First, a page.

Friday, February 10, 2006

Voice of Reason

Slate's Reza Aslan has a modest, reasonable response to the caricatures of the prophet Mohammad that originally appeared in the Dutch paper Jyllands-Posten. He's extremely even-handed in attributing blame to the various nodes of this silly debacle.
[T]he sad irony is that the Muslims who have resorted to violence in response to this offense are merely reaffirming the stereotypes advanced by the cartoons. Likewise, the Europeans who point to the Muslim reaction as proof that, in the words of the popular Dutch blogger Mike Tidmus, "Islam probably has no place in Europe," have reaffirmed the stereotype of Europeans as aggressively anti-Islamic. It is this common attitude among Europeans that has led to the marginalization of Muslim communities there, which in turn has fed the isolationism and destructive behavior of European Muslims, which has then reinforced European prejudices against Islam. It is a Gordian knot that has become almost impossible to untangle.

And that is why as a Muslim American I am enraged by the publication of these cartoons. Not because they offend my prophet or my religion, but because they fly in the face of the tireless efforts of so many civic and religious leaders—both Muslim and non-Muslim—to promote unity and assimilation rather than hatred and discord; because they play into the hands of those who preach extremism; because they are fodder for the clash-of-civilizations mentality that pits East against West. For all of that I blame Jyllands-Posten. We in the West want Muslim leaders to condemn the racial and religious prejudices that are so widespread in the Muslim world. Let us lead by example.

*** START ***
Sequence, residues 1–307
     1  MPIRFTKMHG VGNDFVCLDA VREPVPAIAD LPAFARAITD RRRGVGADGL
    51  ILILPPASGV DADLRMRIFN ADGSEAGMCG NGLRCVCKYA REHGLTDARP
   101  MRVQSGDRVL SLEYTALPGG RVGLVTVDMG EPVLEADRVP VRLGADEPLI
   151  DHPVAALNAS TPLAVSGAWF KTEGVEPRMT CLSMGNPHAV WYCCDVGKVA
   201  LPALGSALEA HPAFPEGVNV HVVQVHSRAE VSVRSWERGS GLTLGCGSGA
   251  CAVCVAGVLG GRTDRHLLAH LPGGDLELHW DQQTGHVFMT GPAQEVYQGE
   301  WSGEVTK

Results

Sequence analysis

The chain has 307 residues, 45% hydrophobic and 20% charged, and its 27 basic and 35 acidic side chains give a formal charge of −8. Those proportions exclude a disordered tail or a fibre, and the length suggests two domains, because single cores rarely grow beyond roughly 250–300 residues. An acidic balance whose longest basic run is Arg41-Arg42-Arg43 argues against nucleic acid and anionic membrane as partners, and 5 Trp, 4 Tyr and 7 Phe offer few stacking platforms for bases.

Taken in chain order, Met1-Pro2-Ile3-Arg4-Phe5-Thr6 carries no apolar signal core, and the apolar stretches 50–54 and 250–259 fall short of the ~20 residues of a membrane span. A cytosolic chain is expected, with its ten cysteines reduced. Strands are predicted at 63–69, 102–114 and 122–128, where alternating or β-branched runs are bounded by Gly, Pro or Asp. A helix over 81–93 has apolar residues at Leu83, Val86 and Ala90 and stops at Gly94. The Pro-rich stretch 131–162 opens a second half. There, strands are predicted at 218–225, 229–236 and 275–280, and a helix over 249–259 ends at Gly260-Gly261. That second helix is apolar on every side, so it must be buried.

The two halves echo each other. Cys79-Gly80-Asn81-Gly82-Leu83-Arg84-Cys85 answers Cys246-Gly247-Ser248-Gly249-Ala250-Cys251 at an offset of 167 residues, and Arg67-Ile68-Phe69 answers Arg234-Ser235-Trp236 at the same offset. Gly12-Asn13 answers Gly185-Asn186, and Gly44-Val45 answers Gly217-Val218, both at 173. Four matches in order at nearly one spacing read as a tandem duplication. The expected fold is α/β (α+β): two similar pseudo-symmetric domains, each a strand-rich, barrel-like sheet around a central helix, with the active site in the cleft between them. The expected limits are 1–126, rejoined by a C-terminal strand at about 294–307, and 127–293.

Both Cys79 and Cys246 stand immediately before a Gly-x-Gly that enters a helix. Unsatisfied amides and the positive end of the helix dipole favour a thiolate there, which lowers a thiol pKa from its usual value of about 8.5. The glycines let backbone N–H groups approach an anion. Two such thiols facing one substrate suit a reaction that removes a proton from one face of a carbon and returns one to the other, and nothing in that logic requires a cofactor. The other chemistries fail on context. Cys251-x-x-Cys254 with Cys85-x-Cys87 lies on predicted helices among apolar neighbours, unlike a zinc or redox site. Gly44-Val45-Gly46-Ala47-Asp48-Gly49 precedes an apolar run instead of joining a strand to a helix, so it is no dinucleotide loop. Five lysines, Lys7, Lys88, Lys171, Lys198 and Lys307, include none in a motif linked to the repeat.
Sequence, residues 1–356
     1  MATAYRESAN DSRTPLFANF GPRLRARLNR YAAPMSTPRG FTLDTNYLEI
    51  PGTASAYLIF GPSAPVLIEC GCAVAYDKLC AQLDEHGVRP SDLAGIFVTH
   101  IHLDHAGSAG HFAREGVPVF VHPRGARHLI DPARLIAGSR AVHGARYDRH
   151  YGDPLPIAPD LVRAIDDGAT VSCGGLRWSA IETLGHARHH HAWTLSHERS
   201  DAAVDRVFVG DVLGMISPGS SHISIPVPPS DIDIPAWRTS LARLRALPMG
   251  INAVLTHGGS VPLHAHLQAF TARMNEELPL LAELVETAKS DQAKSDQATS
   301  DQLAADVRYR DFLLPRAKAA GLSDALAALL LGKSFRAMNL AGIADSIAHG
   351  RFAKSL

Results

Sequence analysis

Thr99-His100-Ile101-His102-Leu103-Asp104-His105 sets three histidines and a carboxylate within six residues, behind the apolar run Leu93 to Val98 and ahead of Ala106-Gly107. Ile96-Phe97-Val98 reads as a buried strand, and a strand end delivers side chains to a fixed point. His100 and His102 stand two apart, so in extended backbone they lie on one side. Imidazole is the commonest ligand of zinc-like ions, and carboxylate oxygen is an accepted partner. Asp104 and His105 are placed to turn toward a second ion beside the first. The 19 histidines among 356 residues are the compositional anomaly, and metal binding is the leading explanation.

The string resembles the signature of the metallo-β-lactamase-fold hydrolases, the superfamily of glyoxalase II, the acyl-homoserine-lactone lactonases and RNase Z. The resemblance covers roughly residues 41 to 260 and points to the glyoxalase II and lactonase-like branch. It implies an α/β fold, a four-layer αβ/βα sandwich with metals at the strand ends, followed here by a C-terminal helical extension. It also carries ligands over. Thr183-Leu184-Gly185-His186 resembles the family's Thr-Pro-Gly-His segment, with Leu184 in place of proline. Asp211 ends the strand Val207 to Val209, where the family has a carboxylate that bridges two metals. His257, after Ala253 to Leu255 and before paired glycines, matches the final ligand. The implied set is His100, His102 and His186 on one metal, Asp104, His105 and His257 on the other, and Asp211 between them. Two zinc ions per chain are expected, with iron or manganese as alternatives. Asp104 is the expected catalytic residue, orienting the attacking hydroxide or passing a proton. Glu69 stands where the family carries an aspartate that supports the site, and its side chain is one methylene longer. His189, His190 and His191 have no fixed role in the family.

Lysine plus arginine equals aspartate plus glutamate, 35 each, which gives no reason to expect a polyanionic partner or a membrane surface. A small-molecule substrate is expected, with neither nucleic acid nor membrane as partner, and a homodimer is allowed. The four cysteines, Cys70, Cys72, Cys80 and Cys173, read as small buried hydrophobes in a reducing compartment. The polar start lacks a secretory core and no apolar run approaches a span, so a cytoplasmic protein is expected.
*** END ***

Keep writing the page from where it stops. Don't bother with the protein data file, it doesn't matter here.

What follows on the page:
Nevertheless, while I agree that Jyllands-Posten's original publication was in bad taste and hypocritical (the paper wouldn't print caricatures of Jesus), I do stand with the various papers that decided to reprint, as I have, the original cartoon in the face of violence and intimidation. While the religious try to paint secularism as a hollow and vain belief system, we who believe in the advance of the Enlightenment beg to differ. From the minute those original thinkers unraveled the chains established religion had shackled them in, humans have demanded their freedom at the pains of humiliation, censure, and death. To boil it down concisely, we believe in a saying of Thomas Paine, which we also will pay the ultimate price for if it comes to it, "My mind is my own church."

It is a church that's open to all if they so desire.